Photos courtesy of Nick Ferry.
In the overwhelming sea of green, a sizable amount of maroon could be seen shining bright in the Stan Sheriff Center on the campus of the University of Hawaii. Maroon shirts are a common sight inside Blake Arena on the campus of Springfield College, but it was more of a phenomenon at the Outrigger Invitational in Honolulu, Hawaii.
The majority of the people sporting SC’s colors were there for one reason: to support their hometown hero, sophomore opposite hitter Tyler Tanaka.
“There were 200 people in the bleachers with Tyler signs,” men’s volleyball coach Charlie Sullivan said. “He was home.”
“All of my teammates were telling me how cool it was to just have that support in a totally foreign environment,” Tanaka said.
Unlike his teammates, the environment was far from foreign to Tanaka, who lives in Kailua on the island of Oahu in Hawaii. His family is actually friends with head coach Charlie Wade of the men’s volleyball team at the University of Hawaii, so Tanaka knew about the possible invitation his team could receive to play in the Outrigger Invitational even before Sullivan.
“It was one of the hardest things not telling everyone that we were going,” Tanaka said.
Even more difficult for Tanaka, however, was the prospect of playing live in front of his family and hometown friends for the first time as a member of the Pride. Previously, his family had only watched him online via the Springfield College Athletic Department’s live streaming of the games.
“I was definitely nervous. Before the first game, I can’t remember the last time I was that nervous to play volleyball,” Tanaka said. “But after I started playing and after just kind of getting back into everything, I totally forgot about it. It was just like playing another game.”
Tanaka earned the start for his team’s first game of the tournament against the University of Hawaii, which was a personal journey that probably seemed longer than the 5,020 miles between Springfield and Honolulu.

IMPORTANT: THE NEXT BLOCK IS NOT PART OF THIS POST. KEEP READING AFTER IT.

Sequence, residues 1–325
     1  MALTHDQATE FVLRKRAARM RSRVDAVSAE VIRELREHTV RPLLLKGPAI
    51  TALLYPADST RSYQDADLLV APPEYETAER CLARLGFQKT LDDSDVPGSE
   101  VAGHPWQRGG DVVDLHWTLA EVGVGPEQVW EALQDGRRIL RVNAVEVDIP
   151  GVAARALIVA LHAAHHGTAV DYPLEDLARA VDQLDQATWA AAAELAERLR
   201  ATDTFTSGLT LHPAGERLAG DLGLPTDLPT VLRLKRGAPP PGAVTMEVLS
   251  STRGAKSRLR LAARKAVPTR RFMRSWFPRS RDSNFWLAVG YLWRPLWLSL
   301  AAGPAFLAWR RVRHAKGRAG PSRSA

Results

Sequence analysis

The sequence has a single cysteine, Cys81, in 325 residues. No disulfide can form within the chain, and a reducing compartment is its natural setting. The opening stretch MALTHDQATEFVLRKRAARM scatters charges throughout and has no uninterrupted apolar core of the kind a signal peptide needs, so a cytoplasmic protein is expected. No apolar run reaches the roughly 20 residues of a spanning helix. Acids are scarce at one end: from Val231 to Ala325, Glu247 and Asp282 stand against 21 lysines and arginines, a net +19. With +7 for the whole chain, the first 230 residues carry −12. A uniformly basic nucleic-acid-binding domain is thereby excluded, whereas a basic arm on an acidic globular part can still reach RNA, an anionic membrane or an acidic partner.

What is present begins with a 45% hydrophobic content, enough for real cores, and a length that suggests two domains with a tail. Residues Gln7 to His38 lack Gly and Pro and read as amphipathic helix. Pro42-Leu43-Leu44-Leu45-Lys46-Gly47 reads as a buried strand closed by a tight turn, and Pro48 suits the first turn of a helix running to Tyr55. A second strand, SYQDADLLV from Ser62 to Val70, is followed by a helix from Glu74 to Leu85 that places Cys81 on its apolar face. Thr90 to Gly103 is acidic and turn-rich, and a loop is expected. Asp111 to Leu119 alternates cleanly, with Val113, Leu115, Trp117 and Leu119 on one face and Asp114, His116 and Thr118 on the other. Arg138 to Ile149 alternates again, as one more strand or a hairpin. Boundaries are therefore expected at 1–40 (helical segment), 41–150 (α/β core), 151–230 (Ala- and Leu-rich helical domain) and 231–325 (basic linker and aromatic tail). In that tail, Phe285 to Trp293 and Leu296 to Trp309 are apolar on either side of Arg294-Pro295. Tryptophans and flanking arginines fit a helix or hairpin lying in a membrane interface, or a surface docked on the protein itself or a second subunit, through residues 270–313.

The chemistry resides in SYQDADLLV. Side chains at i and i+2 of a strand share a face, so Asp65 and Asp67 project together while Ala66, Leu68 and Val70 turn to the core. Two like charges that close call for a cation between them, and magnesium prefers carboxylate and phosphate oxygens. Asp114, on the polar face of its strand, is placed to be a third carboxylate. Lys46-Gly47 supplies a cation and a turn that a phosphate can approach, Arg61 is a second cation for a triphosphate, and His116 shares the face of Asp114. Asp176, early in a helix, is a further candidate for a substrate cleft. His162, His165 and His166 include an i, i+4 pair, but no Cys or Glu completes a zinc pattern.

Nick Ferry, who himself travels from Valencia, Calif. to attend SC, has known Tanaka ever since they met as opponents at the USA Volleyball Boys’ Junior National Championships for their club teams.
“We’ve been playing each other since we were probably 15-years-old,” Ferry said. “He was always on one of the top teams, and I was always on one of the top teams and we always competed against each other at Junior Nationals [and] Holiday Classics.”
At their last Junior Nationals, both Tanaka and Ferry had already verbally committed to attending SC, so they talked for a while when not competing.
“At first, we were all awkward and weird around each other just because we were making friends and all that, but definitely now Tyler is one of my best friends if not my best friend at this school,” Ferry said. “He’s sincerely such a good guy. He’s patient with putting up with me all the time, and he’s a great volleyball player.”
Despite playing organized volleyball since fifth or sixth grade, Tanaka’s first focus when searching for colleges was his major, physical therapy. Before discovering SC, Tanaka did not think his chances were strong of playing volleyball for a college team, because none of the schools he was interested in had a quality team.
After stumbling upon Springfield College, he realized that he could have the best of both worlds. Tanaka said he was sold on SC because of their intense P.T. program and the fact that Sullivan, whom Tanaka had played for at several USA Volleyball Developmental Camps in the past, was the head coach at SC.
He was so set on SC that he only applied to one other school, coincidentally the University of Hawaii, just so he had a backup option.